Summary

Objective

Current antiepileptic drugs (AEDs) have several shortcomings. For example, they fail to control seizures in 30% of patients. Hence, there is a need to identify new AEDs. Drug repurposing is the discovery of new indications for approved drugs. This drug “recycling” offers the potential of significant savings in the time and cost of drug development. Many drugs licensed for other indications exhibit antiepileptic efficacy in animal models. Our aim was to create a database of “prescribable” drugs, approved for other conditions, with published evidence of efficacy in animal models of epilepsy, and to collate data that would assist in choosing the most promising candidates for drug repurposing.

Methods

The database was created by the following: (1) computational literature-mining using novel software that identifies Medline abstracts containing the name of a prescribable drug, a rodent model of epilepsy, and a phrase indicating seizure reduction; then (2) crowdsourced manual curation of the identified abstracts.

Results

The final database includes 173 drugs and 500 abstracts. It is made freely available at www.liverpool.ac.uk/D3RE/PDE3. The database is reliable: 94% of the included drugs have corroborative evidence of efficacy in animal models (for example, evidence from multiple independent studies). The database includes many drugs that are appealing candidates for repurposing, as they are widely accepted by prescribers and patients—the database includes half of the 20 most commonly prescribed drugs in England—and they target many proteins involved in epilepsy but not targeted by current AEDs. It is important to note that the drugs are of potential relevance to human epilepsy—the database is highly enriched with drugs that target proteins of known causal human epilepsy genes (Fisher’s exact test P-value < 3 × 10−5). We present data to help prioritize the most promising candidates for repurposing from the database.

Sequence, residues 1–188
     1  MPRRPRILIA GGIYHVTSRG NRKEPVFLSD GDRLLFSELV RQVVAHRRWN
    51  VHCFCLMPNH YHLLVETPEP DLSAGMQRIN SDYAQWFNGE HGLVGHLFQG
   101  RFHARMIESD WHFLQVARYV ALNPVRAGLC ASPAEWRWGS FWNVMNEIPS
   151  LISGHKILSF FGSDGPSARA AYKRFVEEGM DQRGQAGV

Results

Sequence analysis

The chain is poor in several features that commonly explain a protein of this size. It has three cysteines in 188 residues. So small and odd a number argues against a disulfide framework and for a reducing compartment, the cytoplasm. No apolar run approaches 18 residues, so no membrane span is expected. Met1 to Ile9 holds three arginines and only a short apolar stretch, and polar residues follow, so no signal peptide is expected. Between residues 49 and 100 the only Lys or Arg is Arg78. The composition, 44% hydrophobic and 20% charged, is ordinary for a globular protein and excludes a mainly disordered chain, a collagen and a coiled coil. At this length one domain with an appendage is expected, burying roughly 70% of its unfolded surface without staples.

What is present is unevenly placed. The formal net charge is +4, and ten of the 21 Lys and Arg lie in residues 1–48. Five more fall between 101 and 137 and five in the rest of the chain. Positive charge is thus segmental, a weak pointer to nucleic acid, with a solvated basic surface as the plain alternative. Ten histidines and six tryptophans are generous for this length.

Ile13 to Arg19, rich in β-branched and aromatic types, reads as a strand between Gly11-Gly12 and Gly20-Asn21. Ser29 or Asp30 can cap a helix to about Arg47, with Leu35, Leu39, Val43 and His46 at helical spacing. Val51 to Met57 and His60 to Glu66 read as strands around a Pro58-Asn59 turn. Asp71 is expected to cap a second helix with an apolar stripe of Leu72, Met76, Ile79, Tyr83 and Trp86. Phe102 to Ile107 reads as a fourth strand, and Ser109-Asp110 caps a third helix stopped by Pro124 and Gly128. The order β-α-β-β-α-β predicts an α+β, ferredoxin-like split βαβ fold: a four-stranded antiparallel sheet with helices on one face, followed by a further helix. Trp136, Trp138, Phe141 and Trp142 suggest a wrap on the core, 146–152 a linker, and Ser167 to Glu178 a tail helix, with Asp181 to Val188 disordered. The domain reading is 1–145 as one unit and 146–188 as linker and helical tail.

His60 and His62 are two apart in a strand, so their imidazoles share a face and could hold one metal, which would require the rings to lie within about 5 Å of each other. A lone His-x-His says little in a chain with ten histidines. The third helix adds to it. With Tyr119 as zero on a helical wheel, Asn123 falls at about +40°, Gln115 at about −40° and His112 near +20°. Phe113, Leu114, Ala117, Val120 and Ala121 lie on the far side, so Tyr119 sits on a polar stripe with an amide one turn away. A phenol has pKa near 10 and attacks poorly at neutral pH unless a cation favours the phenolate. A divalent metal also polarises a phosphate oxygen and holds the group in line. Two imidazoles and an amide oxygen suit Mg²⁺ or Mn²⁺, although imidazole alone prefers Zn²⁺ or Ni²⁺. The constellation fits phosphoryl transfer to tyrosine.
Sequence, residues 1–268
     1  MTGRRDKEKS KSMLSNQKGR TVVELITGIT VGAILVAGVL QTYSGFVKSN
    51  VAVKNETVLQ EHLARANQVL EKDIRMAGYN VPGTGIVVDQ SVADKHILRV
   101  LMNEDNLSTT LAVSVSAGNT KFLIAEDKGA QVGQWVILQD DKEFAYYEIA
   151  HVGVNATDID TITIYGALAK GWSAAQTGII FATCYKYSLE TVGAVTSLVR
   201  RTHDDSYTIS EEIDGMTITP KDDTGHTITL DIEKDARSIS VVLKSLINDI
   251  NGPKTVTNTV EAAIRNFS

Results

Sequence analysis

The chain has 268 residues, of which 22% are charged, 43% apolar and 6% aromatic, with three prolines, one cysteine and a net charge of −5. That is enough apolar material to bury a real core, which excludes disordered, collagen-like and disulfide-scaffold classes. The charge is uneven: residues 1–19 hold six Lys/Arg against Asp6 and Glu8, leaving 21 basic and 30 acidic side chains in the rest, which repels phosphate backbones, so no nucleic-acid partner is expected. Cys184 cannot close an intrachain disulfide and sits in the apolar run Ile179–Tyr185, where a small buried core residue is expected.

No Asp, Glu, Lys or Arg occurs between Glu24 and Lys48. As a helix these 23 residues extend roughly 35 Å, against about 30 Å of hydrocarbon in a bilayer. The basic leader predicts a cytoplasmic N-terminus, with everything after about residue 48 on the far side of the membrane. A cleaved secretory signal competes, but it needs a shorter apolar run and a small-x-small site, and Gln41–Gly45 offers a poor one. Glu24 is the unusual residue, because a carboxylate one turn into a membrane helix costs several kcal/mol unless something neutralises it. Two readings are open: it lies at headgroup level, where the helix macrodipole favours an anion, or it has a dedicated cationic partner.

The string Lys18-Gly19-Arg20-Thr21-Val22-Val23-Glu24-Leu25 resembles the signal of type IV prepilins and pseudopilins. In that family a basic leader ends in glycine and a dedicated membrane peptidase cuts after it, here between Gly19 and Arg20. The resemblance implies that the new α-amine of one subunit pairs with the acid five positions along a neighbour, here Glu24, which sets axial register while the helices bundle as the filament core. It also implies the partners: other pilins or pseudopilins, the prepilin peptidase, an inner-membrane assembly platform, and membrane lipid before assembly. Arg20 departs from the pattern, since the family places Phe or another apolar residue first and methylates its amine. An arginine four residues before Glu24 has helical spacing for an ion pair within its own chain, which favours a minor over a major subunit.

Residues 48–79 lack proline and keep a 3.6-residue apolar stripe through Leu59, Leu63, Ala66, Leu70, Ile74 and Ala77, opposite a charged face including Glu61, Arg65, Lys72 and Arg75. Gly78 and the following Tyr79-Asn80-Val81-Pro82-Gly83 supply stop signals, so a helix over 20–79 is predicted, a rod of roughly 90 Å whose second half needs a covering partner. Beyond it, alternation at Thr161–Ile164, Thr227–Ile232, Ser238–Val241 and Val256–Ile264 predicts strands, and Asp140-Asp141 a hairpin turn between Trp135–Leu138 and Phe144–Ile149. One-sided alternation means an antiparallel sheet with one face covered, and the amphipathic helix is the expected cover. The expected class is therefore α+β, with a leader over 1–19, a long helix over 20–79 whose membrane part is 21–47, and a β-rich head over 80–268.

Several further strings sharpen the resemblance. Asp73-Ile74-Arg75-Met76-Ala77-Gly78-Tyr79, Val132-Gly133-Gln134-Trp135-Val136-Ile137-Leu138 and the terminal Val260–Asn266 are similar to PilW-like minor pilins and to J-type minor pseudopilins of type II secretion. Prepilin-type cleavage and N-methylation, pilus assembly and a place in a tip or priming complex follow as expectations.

Significance

The PDE3 database is an important new resource for drug repurposing research in epilepsy.

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